Today's Gmail Hacking Installment: Protect Your Friends, Too!

As I reported in last month's chronicle of a hacking attack, my wife's Gmail account was taken over a few months ago; all of her correspondence, photos, records, etc from a six-year stretch was zeroed out; and she has spent much of her time since then dealing with the consequences.

And, as I have mentioned, oh, a few million times by now, if you don't want this to happen to you, you will:
   (a) start using Gmail's "two-step" authentication system;
   (b) make sure that any account that matters to you has its own unique password, one that you've never used on any other site; plus
   (c) consider backing up your "cloud" data locally, for instance using Eudora, Thunderbird, or any other email handler to copy your online archives onto your own hard disk. Details on these and other fronts in the posts collected here.

But wait, there's more! You can also help other users. A little while ago, this message showed up in my wife's Gmail inbox, having made its way past the normal spam filters, Click for larger if you can't read it:


The obvious point is: this is a phishing message, and a crude one at that, which you shouldn't reply to. Duh. The less obvious point is that you should use the "Report Phishing" button on Gmail, which comes up as part of the "Reply" menu, rather than just deleting this and moving on.

Why does this matter? For reasons of scale, nearly all of the spam-filtering and fraud-detection efforts by Gmail or other systems are "algorithmic." That is, they're based on automatic scanning of messages to match their contents to known fraudulent patterns. It's a matter of probabilities, which is why the filters aren't perfect. Some new forms of spam are cleverly enough prepared to escape the automatic matching; some "real" messages use enough suspect words or patterns to get trapped or flagged.

So the fine-tuning depends heavily on judgments by real, human users, who start flagging messages as spam, or retrieving them as "not spam." Each of those decisions sends a signal back to Google's (or another company's) algorithms -- and the signal gets extra weight, since it reflects a human judgment of where an algorithm has failed. These are the counterparts of "Like" or "Share" or "+1" signals in social media, and in this case they can quickly shift detection to a pattern the algorithms would have taken longer to catch up with.

The easiest way to handle an obviously fraudulent message is just to delete it. But if you spend two more seconds to click the "Report Phishing" button, you can reduce the likelihood that you or anyone else will see a similar message again. As our friends at the TSA would put it, If you see something, say (or click) something.
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James Fallows is a national correspondent for The Atlantic and has written for the magazine since the late 1970s. He has reported extensively from outside the United States and once worked as President Carter's chief speechwriter. His latest book is China Airborne. More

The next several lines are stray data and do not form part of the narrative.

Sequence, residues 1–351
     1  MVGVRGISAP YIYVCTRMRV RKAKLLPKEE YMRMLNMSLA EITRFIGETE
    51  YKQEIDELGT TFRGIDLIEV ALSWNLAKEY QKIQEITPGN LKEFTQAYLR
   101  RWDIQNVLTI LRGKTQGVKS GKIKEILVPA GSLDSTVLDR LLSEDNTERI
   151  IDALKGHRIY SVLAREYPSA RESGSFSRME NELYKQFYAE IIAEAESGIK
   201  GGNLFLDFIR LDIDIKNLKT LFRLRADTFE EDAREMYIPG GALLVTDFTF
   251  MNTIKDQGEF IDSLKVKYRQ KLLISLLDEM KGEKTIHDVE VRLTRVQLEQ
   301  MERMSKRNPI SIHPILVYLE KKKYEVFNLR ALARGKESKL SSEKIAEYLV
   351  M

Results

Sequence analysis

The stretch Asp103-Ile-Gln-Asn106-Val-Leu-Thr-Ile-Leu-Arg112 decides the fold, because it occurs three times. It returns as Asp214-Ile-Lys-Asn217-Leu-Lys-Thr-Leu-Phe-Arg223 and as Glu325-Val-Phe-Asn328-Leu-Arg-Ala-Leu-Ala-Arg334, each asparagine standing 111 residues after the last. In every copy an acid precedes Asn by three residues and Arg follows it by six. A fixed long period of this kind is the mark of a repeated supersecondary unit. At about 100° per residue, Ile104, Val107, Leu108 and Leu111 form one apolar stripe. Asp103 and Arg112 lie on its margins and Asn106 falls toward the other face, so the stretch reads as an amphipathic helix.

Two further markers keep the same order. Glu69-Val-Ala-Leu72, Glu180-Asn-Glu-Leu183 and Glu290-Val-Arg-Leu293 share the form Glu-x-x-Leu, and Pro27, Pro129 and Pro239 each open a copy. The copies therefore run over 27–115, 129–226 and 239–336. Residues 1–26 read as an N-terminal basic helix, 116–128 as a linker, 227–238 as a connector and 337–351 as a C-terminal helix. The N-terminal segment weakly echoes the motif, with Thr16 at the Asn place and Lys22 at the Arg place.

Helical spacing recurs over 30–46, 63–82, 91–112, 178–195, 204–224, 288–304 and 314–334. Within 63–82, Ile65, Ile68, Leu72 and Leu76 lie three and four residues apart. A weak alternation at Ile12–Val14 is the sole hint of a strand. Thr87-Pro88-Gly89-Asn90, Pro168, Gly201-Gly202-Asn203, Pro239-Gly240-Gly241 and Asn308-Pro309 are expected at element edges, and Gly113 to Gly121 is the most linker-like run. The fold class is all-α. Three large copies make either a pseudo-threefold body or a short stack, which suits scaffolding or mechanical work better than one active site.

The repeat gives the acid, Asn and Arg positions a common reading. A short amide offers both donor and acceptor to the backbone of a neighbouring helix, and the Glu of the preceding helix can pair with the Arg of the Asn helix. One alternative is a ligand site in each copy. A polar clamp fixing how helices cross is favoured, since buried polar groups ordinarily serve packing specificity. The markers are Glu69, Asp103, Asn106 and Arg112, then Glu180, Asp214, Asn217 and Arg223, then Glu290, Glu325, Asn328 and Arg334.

James Fallows is based in Washington as a national correspondent for The Atlantic. He has worked for the magazine for nearly 30 years and in that time has also lived in Seattle, Berkeley, Austin, Tokyo, Kuala Lumpur, Shanghai, and Beijing. He was raised in Redlands, California, received his undergraduate degree in American history and literature from Harvard, and received a graduate degree in economics from Oxford as a Rhodes scholar. In addition to working for The Atlantic, he has spent two years as chief White House speechwriter for Jimmy Carter, two years as the editor of US News & World Report, and six months as a program designer at Microsoft. He is an instrument-rated private pilot. He is also now the chair in U.S. media at the U.S. Studies Centre at the University of Sydney, in Australia.

Fallows has been a finalist for the National Magazine Award five times and has won once; he has also won the American Book Award for nonfiction and a N.Y. Emmy award for the documentary series Doing Business in China. He was the founding chairman of the New America Foundation. His recent books Blind Into Baghdad (2006) and Postcards From Tomorrow Square (2009) are based on his writings for The Atlantic. His latest book is China Airborne. He is married to Deborah Fallows, author of the recent book Dreaming in Chinese. They have two married sons.

Fallows welcomes and frequently quotes from reader mail sent via the "Email" button below. Unless you specify otherwise, we consider any incoming mail available for possible quotation -- but not with the sender's real name unless you explicitly state that it may be used. If you are wondering why Fallows does not use a "Comments" field below his posts, please see previous explanations here and here.


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